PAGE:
The observation that the organization has a ‘leadership’ issue is excellent and accurate. We have encouraged them to work on this which we all believe could potentially help them accomplish more of their mission.
Regarding excursions, ideally, they are spread out throughout a program – or during the period a course is being taught. That said, IPSL never promises when excursions will happen and, in fact, we mention explicitly that excursions can change due to circumstances beyond our control (closures, roads washing out in rainy seasons, etc.). But we always replace a cancelled excursion with another, complementary one. We have spoken with the leadership at our partner in La Boquilla and we addressed issues around communication and the Orientation Tour. But as mentioned above, ‘no-shows’ on the part of students/participants send a message that the participant is uninterested.
IPSL does an excellent job of preparing students/participants for the differences in cultures, including gender and race relations in different program locations. What a participant interprets as misogynistic may, indeed, be misogynistic through their own cultural lens, but it may also be a cultural issue or, again, a function of not having the capacity/time to address an issue in the moment. IPSL’s community-based organizations abroad are routinely some of the most resource-scarce groups addressing the most pressing needs in their communities. There is plenty of opportunity to observe, assess, design interventions/programs, present findings, and/or simply bear witness and serve. It is the participant’s particular framework through which they view the situation that contributes – or not – to the support of the organization’s
mission. We are not sure how the air conditioner issue is an example of misogynistic behavior, but we do know that the AC issue was addressed to the satisfaction of the roommate.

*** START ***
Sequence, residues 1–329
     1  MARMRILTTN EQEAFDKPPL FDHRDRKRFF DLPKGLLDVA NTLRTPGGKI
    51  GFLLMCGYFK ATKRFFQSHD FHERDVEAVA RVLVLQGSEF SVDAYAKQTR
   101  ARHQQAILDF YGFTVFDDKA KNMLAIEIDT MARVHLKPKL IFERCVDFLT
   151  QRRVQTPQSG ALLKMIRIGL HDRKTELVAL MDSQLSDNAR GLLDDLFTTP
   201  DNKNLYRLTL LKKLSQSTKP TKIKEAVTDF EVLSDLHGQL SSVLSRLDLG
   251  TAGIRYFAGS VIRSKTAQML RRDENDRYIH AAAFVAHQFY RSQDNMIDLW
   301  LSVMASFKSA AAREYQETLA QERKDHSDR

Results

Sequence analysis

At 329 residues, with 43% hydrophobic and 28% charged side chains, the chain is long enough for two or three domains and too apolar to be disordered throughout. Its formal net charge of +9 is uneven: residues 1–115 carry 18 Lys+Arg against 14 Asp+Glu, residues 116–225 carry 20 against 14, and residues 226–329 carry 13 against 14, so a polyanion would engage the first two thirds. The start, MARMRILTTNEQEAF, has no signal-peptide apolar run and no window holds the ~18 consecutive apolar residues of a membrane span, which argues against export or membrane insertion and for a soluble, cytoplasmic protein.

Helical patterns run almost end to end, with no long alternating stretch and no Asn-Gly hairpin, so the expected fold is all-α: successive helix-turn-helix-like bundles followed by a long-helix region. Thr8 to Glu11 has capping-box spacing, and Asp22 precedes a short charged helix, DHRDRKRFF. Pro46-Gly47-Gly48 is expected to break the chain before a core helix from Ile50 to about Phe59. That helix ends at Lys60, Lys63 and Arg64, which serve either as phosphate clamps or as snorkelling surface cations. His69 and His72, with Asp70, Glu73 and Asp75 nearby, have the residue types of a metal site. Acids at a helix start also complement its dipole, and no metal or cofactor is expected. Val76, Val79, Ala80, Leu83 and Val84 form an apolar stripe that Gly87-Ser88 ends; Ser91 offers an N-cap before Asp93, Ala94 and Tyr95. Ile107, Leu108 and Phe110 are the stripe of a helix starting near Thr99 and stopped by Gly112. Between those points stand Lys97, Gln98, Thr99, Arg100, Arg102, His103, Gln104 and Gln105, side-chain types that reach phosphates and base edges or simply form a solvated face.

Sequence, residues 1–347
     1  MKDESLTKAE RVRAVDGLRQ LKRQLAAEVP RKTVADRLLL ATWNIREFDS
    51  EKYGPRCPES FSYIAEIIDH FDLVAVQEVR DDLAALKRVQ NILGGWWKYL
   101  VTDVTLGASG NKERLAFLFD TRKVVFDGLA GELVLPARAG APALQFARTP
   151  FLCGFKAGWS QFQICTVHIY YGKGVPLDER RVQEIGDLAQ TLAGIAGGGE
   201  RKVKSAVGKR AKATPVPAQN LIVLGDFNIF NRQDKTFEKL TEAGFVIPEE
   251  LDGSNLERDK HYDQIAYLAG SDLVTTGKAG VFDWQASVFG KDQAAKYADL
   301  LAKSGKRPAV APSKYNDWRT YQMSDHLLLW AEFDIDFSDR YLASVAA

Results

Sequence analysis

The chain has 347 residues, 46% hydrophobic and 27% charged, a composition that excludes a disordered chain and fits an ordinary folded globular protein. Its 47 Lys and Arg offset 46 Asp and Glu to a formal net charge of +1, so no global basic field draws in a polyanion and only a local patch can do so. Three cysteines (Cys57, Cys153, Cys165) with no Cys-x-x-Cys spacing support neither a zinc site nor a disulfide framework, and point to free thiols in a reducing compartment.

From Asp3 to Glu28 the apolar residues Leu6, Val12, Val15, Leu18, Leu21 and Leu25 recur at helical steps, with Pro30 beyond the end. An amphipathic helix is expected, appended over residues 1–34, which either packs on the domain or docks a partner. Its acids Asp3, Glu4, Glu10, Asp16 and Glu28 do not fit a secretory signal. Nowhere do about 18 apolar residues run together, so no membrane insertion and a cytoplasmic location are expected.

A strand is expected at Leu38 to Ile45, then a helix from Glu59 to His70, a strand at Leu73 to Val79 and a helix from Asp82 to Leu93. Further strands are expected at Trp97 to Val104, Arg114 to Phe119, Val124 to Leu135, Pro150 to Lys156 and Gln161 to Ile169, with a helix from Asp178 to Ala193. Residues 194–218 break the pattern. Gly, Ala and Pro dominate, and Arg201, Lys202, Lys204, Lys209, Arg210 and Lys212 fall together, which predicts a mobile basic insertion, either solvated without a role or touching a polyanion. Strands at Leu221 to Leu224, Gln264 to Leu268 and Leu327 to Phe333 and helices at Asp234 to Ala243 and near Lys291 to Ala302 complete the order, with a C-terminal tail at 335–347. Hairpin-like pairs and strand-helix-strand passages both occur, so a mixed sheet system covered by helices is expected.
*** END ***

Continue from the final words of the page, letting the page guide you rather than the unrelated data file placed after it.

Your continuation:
Any successful project and/or placement in an IPSL partner requires that all three legs of the three-legged stool do their part. IPSL never promised a formal course on project management. Indeed, the course/fieldwork was the sole responsibility of the participant’s home university.
The participant was approved and selected for this placement precisely due to their military background in managing people and projects. A key piece of what was missing from this participant’s academic experience was the home university advisor who was completely missing-in-action from the student’s entire fieldwork placement experience. There was no support from the very individuals responsible for the required outcomes. IPSL did not (and cannot) assume the role of a participant’s home university advisor in such situations. Yes, there were issues with some of the on-the-ground experiences that were IPSL’s responsibility, and we did what we could to address those issues as soon as humanly possible. What IPSL cannot do – and won’t take responsibility for – is a home institution’s lack of support for their own student.
The participant’s statement that IPSL as a company only wanted their money and fooled them into their participation is sadly untrue. The participant was approved and selected, for this placement, precisely due to their military background in managing people and projects. All the necessary preparations were made in advance and when the inevitable issues arose (as they always do), IPSL did what it could to address them. IPSL is pleased that the participant acknowledges the contributions of our Veteran staff member; we appreciate this. Lastly, IPSL is a nonprofit organization; we are not a company and over 80% of our revenues are reinvested in the various communities we serve.